An increased demand for wood pellets and decreased supply of raw material from sawmills has led to some recent challenges in the renewable energy marketplace. To meet the growing demand for miniscule wood fiber, Bandit Industries, Inc. developed new technology that allows a 1/4-in. minus sawdust-type material, known as bio-sawdust, to be produced from debarked round wood in a single pass. Benefits of this new system include greater fuel efficiency, higher production levels in pellet mills, and the potential for expansion into biofuel and bioelectricity production.
Less energy required
Because the process used to produce bio-sawdust is a cutting action, as opposed to the beating action used in hogs and hammermills, less energy is consumed in producing the fine material. When using a diesel-powered Beast, up to three tons of material can be produced per gallon of diesel fuel.
In addition, the wood fibers are cut, not fractured. This type of material packs much more efficiently into the pellet dies, yielding greater production. Pellet operations in British Columbia receiving material from the Beast are reporting a 10% to 12% increase in production at the pellet mills compared to other grinders. In another application, a stationary unit with electric power is regrinding all of the material that comes to the pelleting operation before it goes to the hog. By using the cutting system in the Beast, the amount of energy required to size the material is also reduced.
The chipping application is ideal when the material is relatively clean and free of stone and dirt. Producing fine material is also possible when processing dirtier materials, such as the material found in raked slash piles. Carbide cutting teeth and/or splitting teeth are used for these applications. The material produced is more uniform in size and finer in consistency, but larger than the bio-sawdust chip.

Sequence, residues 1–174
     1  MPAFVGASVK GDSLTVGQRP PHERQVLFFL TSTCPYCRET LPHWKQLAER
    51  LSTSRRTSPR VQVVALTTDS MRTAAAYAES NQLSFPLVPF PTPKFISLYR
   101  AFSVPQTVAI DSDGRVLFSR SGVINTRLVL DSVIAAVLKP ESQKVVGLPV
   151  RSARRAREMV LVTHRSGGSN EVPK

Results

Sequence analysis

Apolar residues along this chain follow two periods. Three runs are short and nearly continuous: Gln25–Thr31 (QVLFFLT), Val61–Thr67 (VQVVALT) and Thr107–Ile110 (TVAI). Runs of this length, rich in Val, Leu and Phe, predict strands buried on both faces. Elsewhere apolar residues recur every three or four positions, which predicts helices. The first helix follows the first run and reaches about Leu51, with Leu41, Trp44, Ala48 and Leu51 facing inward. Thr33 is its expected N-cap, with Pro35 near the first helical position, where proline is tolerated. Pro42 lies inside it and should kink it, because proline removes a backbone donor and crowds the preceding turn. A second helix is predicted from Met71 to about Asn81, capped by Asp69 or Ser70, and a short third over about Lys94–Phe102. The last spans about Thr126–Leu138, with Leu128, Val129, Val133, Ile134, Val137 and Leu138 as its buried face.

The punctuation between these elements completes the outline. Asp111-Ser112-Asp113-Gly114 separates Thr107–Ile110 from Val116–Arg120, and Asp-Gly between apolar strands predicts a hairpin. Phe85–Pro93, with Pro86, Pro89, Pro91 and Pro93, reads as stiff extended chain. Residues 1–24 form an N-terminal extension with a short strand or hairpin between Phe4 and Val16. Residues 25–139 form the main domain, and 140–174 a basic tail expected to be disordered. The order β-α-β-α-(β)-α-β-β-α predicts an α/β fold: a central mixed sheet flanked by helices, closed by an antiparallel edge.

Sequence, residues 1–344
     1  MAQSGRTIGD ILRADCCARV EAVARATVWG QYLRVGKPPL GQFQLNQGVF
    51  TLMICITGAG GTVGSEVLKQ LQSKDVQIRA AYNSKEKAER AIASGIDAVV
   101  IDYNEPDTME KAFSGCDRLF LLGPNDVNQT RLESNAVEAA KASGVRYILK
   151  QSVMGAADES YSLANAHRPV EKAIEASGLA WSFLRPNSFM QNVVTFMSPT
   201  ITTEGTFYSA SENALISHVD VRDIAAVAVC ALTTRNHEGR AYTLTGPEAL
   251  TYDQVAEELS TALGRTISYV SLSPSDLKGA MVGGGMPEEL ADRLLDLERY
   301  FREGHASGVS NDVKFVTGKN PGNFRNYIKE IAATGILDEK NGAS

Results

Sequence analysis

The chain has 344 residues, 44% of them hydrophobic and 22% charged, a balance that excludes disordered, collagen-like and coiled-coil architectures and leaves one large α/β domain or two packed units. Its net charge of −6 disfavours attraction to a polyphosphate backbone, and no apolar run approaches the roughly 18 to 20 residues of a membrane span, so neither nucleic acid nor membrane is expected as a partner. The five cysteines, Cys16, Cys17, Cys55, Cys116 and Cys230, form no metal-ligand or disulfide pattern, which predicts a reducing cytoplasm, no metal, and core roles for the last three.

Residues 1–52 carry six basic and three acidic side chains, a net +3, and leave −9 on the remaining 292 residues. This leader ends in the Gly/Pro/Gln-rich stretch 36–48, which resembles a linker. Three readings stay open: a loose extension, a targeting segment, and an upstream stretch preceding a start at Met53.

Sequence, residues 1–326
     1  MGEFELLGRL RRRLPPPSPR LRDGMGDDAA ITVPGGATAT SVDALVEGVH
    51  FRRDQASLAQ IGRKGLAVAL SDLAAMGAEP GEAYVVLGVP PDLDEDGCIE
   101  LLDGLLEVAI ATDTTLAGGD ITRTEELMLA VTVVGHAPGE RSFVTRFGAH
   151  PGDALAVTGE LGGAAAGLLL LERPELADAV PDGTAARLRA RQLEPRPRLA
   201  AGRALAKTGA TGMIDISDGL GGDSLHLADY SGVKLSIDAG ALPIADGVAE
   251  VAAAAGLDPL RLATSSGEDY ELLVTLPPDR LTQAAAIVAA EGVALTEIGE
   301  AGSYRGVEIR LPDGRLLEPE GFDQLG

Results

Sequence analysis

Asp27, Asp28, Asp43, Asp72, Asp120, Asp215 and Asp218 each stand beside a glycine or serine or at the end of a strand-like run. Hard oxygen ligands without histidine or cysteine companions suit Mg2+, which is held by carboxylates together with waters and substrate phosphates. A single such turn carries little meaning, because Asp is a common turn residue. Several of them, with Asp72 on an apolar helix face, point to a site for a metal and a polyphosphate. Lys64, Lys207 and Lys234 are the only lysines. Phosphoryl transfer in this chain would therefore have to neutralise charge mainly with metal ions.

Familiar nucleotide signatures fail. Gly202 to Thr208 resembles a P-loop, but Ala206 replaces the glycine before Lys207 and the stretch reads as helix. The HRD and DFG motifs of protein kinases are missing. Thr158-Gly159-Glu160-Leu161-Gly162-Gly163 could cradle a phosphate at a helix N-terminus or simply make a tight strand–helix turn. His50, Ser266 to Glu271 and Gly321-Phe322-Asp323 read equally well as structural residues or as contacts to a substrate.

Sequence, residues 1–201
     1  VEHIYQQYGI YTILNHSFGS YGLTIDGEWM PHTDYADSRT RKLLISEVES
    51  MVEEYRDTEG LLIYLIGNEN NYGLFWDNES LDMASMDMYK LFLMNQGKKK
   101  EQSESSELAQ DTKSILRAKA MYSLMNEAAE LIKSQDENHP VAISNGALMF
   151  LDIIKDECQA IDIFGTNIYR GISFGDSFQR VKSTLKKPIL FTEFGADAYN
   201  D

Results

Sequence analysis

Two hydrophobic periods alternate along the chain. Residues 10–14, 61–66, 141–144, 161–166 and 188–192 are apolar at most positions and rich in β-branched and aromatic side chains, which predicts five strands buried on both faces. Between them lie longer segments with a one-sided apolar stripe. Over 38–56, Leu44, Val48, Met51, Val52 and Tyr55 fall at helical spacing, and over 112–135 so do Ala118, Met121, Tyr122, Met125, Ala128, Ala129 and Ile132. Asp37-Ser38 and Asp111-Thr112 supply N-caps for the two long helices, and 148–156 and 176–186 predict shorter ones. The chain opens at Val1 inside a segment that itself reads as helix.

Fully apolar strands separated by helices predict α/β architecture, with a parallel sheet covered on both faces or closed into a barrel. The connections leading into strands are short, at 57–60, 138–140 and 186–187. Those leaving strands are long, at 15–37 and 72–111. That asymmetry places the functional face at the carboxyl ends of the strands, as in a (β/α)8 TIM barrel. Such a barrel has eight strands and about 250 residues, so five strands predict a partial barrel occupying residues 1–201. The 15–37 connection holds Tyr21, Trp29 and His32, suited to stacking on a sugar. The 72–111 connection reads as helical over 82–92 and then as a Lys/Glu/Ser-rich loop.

The secret to producing bio-sawdust is in the unique, patented design of the cutterbody in the Beast Recyclers. The cutterbody is shaped like a sawtooth on a chain saw, which enables the chipping system to make a precise, regulated cut.
The material entering the machine is also controlled by the infeed system, which forwards material to the cutting system at the exact speed required to produce the desired chip length. The standard screening system keeps end-cuts and slivers inside the chamber until the material is properly sized.
When producing bio-sawdust, the chipping operation generally yields better than 95% acceptable material (1/4-in. minus) in one pass. Similar results are achieved in regrind applications when processing chips and hogged material.
Uses for bio-sawdust will likely expand as more applications are tested. Possibilities include woodchip-fired boilers and home chip-heating systems. Fine material is more volatile and should be more desirable for suspension boilers.
Bio-sawdust will also likely find its way into biofuel production. Given its unique size and shape, bio-sawdust will break down faster than other feedstocks in the production of cellulosic ethanol, and carbon-based biofuel plants will also benefit from bio-sawdust's ability to break down rapidly, thus speeding up the gasification process.
Those producing premium fuel pellets often use debarked material to limit the ash content. For pellet operations looking for a bark-free material, ring and drum debarkers seem to hold the greatest potential in supplying debarked material to produce bio-sawdust.